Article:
Applying Manure to Alfalfa

By K.A. Kelling and M.A. Schmitt, publishee by The College of Agricultural and Life Sciences, University of Wisconsin-Madison.
calendar icon 24 October 2006
clock icon 2 minute read

It’s becoming increasingly common for livestock producers to apply manure to alfalfa. This shift comes partly as a response to increased regulatory pressure designed to promote nutrient management planning. In the face of concern about pollution of groundwater and surface water due to runoff from row crops, farmers are searching for alternative crops on which to spread manure.
In addition, many livestock producers simply don’t have enough corn acres to accommodate all of their manure when spreading at proper agronomic rates.

Applying manure to alfalfa has several potential environmental, agronomic and management advantages. It allows more scheduling flexibility: a producer who applies manure to alfalfa has substantial cropland available for spreading throughout the summer months. It’s good for the crop: alfalfa requires relatively high rates of nutrients and can benefit from the secondary and micronutrients as well as the nitrogen, phosphorus and potassium (NPK) contained in manure.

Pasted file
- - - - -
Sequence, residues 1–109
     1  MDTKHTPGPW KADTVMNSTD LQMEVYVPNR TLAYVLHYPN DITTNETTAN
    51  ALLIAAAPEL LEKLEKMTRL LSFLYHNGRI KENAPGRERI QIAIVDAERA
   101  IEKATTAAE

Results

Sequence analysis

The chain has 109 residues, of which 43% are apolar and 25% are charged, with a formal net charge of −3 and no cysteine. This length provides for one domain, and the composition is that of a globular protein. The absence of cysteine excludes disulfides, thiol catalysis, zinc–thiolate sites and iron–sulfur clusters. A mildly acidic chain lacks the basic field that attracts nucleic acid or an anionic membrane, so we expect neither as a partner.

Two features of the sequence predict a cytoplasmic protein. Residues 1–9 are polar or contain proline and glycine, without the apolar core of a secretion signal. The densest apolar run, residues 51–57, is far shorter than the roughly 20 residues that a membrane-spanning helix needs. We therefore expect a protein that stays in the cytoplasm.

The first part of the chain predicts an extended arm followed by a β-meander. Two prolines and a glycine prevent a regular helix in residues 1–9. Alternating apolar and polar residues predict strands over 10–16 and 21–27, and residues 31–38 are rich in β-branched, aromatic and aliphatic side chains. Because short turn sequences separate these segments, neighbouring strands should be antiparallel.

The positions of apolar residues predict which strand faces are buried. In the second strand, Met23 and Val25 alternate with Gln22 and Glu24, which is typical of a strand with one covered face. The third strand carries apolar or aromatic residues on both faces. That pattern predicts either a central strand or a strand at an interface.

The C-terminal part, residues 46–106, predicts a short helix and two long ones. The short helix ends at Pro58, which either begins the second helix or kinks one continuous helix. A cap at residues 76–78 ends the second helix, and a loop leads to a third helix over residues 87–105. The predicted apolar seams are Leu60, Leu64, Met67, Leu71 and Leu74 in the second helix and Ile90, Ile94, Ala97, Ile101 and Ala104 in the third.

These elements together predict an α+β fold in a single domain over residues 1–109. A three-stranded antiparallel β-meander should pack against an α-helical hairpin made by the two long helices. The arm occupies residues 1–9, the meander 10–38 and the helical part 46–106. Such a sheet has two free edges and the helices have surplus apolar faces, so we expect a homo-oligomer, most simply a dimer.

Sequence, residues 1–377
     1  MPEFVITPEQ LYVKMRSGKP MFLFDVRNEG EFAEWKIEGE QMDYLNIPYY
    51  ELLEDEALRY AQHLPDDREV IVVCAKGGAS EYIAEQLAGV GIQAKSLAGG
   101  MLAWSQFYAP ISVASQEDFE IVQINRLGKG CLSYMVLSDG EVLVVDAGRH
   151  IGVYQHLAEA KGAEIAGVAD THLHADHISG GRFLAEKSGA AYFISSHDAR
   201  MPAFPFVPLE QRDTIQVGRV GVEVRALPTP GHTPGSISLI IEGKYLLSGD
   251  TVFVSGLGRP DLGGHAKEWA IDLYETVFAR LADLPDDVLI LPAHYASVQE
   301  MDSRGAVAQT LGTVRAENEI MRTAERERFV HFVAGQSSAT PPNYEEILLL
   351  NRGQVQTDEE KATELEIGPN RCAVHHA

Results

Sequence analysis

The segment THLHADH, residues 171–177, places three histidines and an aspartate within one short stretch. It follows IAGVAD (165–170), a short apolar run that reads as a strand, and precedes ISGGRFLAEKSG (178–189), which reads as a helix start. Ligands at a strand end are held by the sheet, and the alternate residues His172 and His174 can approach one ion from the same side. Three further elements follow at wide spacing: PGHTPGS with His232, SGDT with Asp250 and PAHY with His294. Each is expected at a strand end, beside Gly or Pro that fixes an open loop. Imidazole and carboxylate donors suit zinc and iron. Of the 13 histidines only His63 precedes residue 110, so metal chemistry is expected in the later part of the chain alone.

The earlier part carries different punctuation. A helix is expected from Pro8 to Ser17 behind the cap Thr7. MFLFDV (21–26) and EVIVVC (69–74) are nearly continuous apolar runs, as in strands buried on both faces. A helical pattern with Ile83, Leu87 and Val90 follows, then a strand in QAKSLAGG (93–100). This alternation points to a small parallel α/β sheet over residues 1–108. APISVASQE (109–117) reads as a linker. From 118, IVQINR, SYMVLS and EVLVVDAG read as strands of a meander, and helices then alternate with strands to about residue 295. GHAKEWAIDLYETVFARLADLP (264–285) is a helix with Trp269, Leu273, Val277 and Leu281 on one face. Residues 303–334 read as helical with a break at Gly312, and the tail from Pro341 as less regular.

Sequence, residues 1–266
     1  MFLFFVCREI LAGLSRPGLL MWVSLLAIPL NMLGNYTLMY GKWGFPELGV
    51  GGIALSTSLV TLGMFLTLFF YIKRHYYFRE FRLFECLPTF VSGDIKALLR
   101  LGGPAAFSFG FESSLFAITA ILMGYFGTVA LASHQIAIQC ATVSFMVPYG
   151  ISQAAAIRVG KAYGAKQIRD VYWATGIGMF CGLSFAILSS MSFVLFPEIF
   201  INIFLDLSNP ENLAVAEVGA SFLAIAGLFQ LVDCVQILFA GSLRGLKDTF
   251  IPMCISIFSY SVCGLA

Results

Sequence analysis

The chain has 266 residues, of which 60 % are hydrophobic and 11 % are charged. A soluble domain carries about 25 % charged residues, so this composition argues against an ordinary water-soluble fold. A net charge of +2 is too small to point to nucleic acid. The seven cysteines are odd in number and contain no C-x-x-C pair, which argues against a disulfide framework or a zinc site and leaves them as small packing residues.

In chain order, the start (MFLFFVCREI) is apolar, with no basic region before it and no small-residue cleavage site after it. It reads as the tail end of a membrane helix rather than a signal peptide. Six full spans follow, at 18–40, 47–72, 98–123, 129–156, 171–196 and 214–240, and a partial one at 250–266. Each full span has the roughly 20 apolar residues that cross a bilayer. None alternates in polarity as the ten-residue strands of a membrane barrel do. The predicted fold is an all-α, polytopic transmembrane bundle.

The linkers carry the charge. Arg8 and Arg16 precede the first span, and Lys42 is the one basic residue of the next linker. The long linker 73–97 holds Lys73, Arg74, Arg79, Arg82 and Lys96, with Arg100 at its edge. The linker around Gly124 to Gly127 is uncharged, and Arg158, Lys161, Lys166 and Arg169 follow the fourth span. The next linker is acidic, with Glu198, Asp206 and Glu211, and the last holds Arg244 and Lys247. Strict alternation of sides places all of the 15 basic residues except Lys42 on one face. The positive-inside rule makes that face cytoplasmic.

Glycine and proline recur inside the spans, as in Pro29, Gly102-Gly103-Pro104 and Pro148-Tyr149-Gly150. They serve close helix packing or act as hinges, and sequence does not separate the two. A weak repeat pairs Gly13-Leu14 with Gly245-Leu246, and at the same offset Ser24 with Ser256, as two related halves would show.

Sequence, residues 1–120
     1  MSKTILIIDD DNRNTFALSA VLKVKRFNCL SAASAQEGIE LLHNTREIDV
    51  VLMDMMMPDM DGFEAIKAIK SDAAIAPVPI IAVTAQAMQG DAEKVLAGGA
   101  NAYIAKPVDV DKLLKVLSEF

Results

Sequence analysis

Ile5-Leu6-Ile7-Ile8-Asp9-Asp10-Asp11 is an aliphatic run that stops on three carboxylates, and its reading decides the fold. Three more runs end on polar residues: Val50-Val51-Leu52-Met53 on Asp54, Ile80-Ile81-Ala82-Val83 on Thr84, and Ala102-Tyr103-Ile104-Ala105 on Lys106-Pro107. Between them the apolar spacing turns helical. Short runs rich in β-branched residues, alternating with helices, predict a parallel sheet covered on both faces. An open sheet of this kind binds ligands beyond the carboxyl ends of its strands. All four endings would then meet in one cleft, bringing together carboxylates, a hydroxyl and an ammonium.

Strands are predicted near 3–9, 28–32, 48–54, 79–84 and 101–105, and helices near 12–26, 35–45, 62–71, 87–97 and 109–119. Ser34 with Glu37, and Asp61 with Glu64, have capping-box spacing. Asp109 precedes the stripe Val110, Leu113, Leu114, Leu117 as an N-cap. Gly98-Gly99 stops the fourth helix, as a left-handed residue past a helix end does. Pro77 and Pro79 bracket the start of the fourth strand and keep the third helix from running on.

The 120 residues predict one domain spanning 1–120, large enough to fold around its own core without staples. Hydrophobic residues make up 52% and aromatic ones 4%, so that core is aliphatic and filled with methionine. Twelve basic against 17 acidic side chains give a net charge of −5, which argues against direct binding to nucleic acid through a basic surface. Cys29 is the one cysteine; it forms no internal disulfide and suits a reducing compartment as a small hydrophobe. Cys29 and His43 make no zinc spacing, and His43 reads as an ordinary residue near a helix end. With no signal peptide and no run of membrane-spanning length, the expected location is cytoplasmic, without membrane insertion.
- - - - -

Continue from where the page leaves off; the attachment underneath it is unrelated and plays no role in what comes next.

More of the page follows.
Finally, alfalfa does an excellent job of recycling nitrogen (N) from the soil. Given the choice, alfalfa
will take most of the nitrogen it needs from the soil (60–75 lb. N/ton of dry matter), rather than
symbiotically fixing nitrogen from the atmosphere. Furthermore, alfalfa’s deep root system can extract mobile nutrients (nitrogen, sulfur, and boron) at greater depths than corn.

To take advantage of these potential benefits of manure for alfalfa, producers need to think carefully about application timing. There are basically three strategies for successfully applying manure to alfalfa: 1) apply it immediately prior to alfalfa seeding; 2) topdress it on established alfalfa; and 3) apply it after the last alfalfa harvest and prior to preparing the land for a grain crop. Each of these choices offers some unique potential benefits and associated risks.

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December 2003

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